Testing Out Face Coverings for Your Vacation (Part 2)

In part 1 of this blog post series, I described the masks to be included in our in-park mask testing.

This blog post is intended to be fun, and not medical advice. No masks in this test are not intended to replace Surgical Masks or N95 Respirators.

Confession time, I have been watching my share of YouTube videos. I have been enjoying seeing Brian in parks, but I also have been hooked on watching Adam Savage from MythBusters fame.

With some encouragement from my family and TouringPlans staff, I decided to do some MythBusters-style mask testing before the parks open.

As a reminder, here’s the CDC face-covering guidelines for being out in public:

  • The Centers for Disease Control and Prevention (CDC) recommends that people wear cloth face coverings in public settings and when around people who don’t live in your household, especially when other social distancing measures are difficult to maintain.
  • Cloth face coverings may help prevent people who have COVID-19 from spreading the virus to others.
  • Cloth face coverings are most likely to reduce the spread of COVID-19 when they are widely used by people in public settings.
  • Cloth face coverings should NOT be worn by children under the age of 2 or anyone who has trouble breathing, is unconscious, incapacitated, or otherwise unable to remove the mask without assistance.

The main purpose of wearing a mask is to limit people from infecting others. There might be some benefit for mask wearers to minimize exposure.


Brian suggested doing a test to see what distance a candle can be blown out. Since Brian is 500 miles away, I had to find a different test subject. A styrofoam head, a hairdryer, and a few holes will have to be my Brian. Meet Brian.

With no mask, Brian can blow out a candle 14 inches away with the hairdryer set on low. All masks prevented Brian from blowing out a candle even with the hairdryer on high.

The scarf/gaiter style masks the candle did flicker when the flame is held directly in front of the masks









The second test required simulating droplets in the air, and to see how efficient each mask was at blocking those droplets. I used flour as a stand-in for droplets. Flour is about 1 µm. Viruses are 0.5 µm and below. If flour can get through the mask, so can COVID-19.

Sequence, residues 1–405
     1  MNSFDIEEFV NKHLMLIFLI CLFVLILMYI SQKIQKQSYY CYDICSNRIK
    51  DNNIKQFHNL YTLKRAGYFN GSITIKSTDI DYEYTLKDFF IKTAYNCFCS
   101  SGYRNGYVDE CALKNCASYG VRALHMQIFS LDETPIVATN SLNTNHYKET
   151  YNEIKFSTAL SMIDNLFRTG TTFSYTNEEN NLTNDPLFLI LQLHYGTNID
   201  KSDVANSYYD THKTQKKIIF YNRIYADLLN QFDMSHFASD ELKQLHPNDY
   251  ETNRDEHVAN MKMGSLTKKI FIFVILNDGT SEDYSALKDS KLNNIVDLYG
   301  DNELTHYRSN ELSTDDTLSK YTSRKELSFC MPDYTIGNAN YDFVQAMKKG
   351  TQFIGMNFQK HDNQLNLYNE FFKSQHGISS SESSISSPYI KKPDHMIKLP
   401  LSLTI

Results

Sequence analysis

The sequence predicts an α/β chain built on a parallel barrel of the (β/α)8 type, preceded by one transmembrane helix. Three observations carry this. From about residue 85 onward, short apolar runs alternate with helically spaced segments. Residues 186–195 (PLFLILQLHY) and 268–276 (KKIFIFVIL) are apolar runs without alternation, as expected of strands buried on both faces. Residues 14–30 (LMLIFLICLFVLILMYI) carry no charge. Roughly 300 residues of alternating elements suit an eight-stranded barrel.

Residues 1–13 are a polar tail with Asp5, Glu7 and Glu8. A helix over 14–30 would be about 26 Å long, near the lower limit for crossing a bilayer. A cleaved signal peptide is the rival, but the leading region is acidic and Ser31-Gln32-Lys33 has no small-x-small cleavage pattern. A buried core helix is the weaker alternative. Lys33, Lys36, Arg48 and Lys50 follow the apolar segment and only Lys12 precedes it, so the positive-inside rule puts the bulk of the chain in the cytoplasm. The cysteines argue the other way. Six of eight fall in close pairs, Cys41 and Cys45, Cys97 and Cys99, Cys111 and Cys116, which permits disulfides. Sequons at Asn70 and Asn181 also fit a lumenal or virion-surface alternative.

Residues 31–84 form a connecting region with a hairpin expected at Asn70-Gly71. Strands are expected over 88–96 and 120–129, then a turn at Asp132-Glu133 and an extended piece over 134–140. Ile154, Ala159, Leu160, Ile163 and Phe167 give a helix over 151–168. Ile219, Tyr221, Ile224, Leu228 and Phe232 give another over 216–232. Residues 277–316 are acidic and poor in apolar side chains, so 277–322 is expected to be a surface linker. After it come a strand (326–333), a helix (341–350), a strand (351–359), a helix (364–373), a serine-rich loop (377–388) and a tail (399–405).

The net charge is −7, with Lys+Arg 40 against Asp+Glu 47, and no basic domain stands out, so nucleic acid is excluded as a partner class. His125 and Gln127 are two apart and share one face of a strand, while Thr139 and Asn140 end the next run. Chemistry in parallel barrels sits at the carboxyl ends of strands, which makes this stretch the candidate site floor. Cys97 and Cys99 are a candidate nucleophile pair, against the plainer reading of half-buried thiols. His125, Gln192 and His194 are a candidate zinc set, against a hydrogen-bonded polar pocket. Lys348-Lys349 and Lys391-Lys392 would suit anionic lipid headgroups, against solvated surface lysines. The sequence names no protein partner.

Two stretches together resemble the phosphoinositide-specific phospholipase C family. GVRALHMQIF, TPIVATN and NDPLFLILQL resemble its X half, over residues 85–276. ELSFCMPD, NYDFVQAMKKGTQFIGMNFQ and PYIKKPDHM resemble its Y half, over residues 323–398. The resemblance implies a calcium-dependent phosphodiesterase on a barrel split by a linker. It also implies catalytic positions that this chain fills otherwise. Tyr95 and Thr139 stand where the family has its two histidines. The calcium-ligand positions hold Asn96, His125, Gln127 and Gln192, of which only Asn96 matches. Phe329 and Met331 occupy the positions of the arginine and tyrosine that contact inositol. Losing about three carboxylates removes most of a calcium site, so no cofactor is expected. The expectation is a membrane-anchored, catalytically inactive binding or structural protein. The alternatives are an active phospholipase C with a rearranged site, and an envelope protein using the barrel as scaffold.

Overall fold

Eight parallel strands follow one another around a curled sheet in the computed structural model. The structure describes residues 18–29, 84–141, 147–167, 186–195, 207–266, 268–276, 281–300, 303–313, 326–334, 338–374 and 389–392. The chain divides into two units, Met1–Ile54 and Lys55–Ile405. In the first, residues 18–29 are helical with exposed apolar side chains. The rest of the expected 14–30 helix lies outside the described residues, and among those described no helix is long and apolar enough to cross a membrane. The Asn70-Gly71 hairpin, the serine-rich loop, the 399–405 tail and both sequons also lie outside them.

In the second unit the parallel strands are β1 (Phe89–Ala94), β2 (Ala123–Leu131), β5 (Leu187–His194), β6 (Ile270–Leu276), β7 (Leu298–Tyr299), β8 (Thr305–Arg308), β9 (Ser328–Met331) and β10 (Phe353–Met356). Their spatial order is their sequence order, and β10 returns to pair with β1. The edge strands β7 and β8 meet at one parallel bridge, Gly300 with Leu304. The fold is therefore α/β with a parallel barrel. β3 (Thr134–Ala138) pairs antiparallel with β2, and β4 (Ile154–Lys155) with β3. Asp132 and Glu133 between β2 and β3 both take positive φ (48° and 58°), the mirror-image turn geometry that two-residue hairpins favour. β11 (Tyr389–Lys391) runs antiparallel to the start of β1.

For this test, we need a subject to try to inhale flour. Since my kids would not let me throw flour in their faces, I have a second styrofoam head with a vacuum to simulate inhaling. I’ll call the head Derek. Hi, Derek!

With Brian blowing and Derek sucking, I sift flour between the two. At the end of the vacuum (and inside the mask), I added a black filter to catch any flour that Derek inhales.

Below are the images of each filter from the flour tests.

1. VTER Cotton Breathing Mask

Available Here


2. Mission Neck Gaiter

Available Here

3. Athleta Athletic Face Masks (5-Pack)

Available Here

4. Onzie Mindful Mask

Available here.

5. Jiyye Neck Gaiter

Available Here

6. Tough Outfitters 12-in-1 Cooling Scarf

Available Here


7. StringKing 3-Layer Face Mask

Available Here

8. Purple Face Mask

Available Here

9. Eliel Face Masks

Available Here

10. Thompson Tee

Available Here

11. Kini Bands

Available Here


As all the masks were selected for comfort, not medial use, flour did get through each mask. The force of suction is likely higher than a human mouth, and the filtration is being focused on the intake of the vacuum. Most of the flour did not go through the masks. The filter images are sufficient for comparing masks but is not scientifically conclusive.

We’ll be testing out the masks in the parks when the parks reopen to see which of the masks wins for overall comfort.

Do you have any questions about this experiment so far? Let us know in the comments.

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